WILD Stories: The Peoples of Ethiopia’s Omo Valley
We worry about money, power, status and the way the world perceives us. While we spend our energy succumbing to such pettiness, there are people living parallel lives, a place where nothingness sprawls before them. The Omo Valley in Ethiopia, home to tribes like Mursi, Hamer, Benna, is one of the most surreal places I have ever experienced.
As I drove through the dirt roads of the wilderness of Ethiopia, I moved through an ineffable scope of feeling. Never before had I seen a group of people so detached from what you and I call civilization. Looked at them through my lens, the intensity of their gazes and the force of existence they emitted was almost unnatural.
We didn’t speak the same language, but when they welcomed me into their homes, silence felt appropriate; words would only disturb the calming sound of barren lands.
Photographing the Mursi tribe was the most challenging. Temperamentally they seemed heated. With the advent of tourism, they’ve learned that they can charge for photographs of them. It was hard to focus on a subject as long as I would have liked, as they were in constant communication with one another—talking out the scene. It was also complicated that every time the flash went off, they believed the light to be sucking up their blood. Their discomfort was evident and the more flash that went off, the angrier they got. The fact that they were carrying AK-47s didn’t help with my own serenity, either—so there was slight unease on both ends.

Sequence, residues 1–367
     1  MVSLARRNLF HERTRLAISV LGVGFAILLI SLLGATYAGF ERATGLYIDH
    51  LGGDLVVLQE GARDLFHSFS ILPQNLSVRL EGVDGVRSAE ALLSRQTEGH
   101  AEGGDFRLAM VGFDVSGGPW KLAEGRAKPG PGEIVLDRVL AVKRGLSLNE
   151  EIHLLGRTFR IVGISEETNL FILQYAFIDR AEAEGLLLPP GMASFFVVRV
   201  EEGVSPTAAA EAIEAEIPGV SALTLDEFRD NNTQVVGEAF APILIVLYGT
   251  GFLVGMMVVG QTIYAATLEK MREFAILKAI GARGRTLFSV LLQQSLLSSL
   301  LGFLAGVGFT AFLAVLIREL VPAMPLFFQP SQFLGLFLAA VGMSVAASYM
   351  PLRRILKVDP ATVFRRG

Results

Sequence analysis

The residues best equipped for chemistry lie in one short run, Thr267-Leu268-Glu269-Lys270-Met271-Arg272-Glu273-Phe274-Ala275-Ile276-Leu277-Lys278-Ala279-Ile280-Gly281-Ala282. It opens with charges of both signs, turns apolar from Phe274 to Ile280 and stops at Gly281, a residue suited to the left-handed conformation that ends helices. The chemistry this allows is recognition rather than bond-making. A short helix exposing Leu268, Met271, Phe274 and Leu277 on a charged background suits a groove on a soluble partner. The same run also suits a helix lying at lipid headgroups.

While the entire trip was magical, there are some stories that stand out more than the others. The night I saw a young boy perform his rite of passage is one of them. Seeing him jump over the backs of these bulls was an extraordinary display of physical prowess. Before he took the leap, the nervousness hung thick in the air. It didn’t last long. though. The women of the tribe, inebriated by now, broke into loud, manic chants and cheers to encourage the boy into manhood. It seemed to work.
Our tour guide incidentally belonged to the Benna tribe, and I can safely say, being amongst them was the most peace I have felt in a very long time. The content they lived with was almost contagious. I remember sitting down and taking the landscape in when a plane flew overhead. I remember thinking that the people on the plane must have no idea what was right beneath them, a new—or perhaps old is more appropriate—world, where humans exist in their rawest form; the most beautiful people I’d ever spend time with. Some of them were bare naked, some had adorned themselves with beads, some had painted themselves with ash. There was a potent sense of regality, pride, and yet modesty. That raw beauty, in it’s most natural form, is what I want to show the world through my photographs. The people of Omo Valley compelled me to reassess the way I look at life, reminded me of what is important. We get too caught up in the rat race. Ethiopia told me that money is not essential to happiness. That what matters is the hunt for our own interior joy, where we see beauty in all things.